National Trust 45 mile team at the finish – I’m the one on the right

‘Wild Tribe’ spend time on the South Moor

Nuns Cross Farm was a welcome sight for members of the National Trust ‘Wild Tribe’ 35 Mile Ten Tors team last weekend. Following a slightly wet Friday night spent out on the moor, the team had risen early and set about achieving their 28km training route.

By the time they reached the Farm, the team had scaled the heights of Ryders Hill, Eastern White Barrow, Great Gants Head and had even had time to pay a visit to Duck’s Pool. All that remained for them was the final leg back to Combestone Tor via Whiteworks and Hexworthy.

 

 

Training for the Ten Tors.

Training for the National Trust’s ‘Wild Tribe’ Ten Tors team continued last weekend with a trip to the north moor with Torquay Boys Grammar School.

A circular route starting from Belstone village took in visits to Scarey Tor, East Mill Tor, Wild Tor, Hound Tor and Cosden Beacon.

With good weather conditions and clear visibility supporting the ’45 mile’ team’s excellent progress, there was even time at the end of the day for an additional  climb up Irishmans Wall to the top of Belstone Tor!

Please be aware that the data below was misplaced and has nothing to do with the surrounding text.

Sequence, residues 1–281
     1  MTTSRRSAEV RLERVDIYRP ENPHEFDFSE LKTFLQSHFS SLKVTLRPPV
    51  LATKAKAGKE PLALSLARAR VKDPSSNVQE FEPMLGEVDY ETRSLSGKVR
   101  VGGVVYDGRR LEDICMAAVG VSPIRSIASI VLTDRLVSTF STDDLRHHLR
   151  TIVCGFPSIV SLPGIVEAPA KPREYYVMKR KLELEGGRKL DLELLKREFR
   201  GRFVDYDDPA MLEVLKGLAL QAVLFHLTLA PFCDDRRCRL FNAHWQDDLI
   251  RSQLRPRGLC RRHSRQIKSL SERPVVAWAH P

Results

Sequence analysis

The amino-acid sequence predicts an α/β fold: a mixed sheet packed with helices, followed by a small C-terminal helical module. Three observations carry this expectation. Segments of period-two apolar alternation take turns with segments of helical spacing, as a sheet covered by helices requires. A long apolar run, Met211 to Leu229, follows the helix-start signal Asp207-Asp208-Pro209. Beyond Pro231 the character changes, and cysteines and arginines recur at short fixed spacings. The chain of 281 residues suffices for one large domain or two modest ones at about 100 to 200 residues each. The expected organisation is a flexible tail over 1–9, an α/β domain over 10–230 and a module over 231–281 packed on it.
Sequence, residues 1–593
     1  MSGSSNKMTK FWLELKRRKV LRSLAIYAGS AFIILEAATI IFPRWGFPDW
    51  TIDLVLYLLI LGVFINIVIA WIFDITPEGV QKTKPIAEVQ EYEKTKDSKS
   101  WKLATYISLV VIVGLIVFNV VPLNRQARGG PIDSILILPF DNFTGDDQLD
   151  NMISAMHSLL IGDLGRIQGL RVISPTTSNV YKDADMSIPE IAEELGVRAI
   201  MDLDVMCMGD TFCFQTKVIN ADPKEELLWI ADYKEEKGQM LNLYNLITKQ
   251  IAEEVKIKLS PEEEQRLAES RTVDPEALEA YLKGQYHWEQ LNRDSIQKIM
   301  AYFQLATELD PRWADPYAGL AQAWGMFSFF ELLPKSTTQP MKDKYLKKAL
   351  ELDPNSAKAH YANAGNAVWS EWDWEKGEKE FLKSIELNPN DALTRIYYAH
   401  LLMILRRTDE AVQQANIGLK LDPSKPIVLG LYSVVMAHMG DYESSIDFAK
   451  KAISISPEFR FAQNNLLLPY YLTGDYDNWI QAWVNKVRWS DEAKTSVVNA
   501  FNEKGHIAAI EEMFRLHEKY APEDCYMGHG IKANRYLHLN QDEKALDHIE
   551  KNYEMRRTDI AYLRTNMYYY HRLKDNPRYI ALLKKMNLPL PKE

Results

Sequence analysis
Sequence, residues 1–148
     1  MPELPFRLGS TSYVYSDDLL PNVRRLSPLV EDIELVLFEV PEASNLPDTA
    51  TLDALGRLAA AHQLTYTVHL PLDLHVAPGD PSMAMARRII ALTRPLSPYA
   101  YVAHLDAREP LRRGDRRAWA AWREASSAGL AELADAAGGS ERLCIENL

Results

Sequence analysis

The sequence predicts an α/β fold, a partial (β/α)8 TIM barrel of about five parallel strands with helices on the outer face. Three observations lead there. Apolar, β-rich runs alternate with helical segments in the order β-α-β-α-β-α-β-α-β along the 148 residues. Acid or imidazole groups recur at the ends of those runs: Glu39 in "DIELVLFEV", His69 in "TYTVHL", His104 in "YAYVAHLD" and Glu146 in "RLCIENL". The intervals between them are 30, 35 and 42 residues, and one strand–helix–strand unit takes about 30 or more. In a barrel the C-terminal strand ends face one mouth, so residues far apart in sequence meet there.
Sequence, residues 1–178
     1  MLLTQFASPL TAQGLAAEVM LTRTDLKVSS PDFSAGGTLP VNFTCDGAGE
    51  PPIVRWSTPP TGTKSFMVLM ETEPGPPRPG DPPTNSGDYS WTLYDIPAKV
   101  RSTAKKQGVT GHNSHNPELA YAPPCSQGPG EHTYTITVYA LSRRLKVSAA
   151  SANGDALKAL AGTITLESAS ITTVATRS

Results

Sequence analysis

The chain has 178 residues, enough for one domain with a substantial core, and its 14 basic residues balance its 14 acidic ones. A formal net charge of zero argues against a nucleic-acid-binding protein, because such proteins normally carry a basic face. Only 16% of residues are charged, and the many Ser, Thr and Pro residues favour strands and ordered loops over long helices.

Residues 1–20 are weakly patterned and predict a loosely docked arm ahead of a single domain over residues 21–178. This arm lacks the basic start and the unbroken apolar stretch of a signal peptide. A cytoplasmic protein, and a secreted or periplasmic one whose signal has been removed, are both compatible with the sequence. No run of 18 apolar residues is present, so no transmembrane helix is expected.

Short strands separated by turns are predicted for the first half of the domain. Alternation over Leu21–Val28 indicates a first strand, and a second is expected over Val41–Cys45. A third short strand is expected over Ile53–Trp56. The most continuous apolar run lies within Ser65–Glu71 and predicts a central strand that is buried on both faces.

Our very own ‘Wild Tribe’ complete 10 Tors

As an organisation we want to be as well known for our work in the countryside as we are for our work with our houses and gardens. We also want to appeal to all sections of society regardless of age.

To that end we have spent the last 6 months preparing for the Dartmoor 10 Tors Challenge organised and run by the Army. This year for the very first time we had our own team ‘National Trust Wild Tribe’. The team consisted of 3 girls and 3 boys aged 14-15. They set off on saturday morning at 7am and completed a course which included Sourton, Kitty, Lynch, Great Mis, Black, Beardown, Higher White, Sittaford (where they camped) Hound and Shilstone Tors before returning to Okehampton camp. They carried full kit including camping gear, cooking equipment and food. Their course was 35 miles as the crow flies and I guess they went around 40 miles in 28 hours – total respect!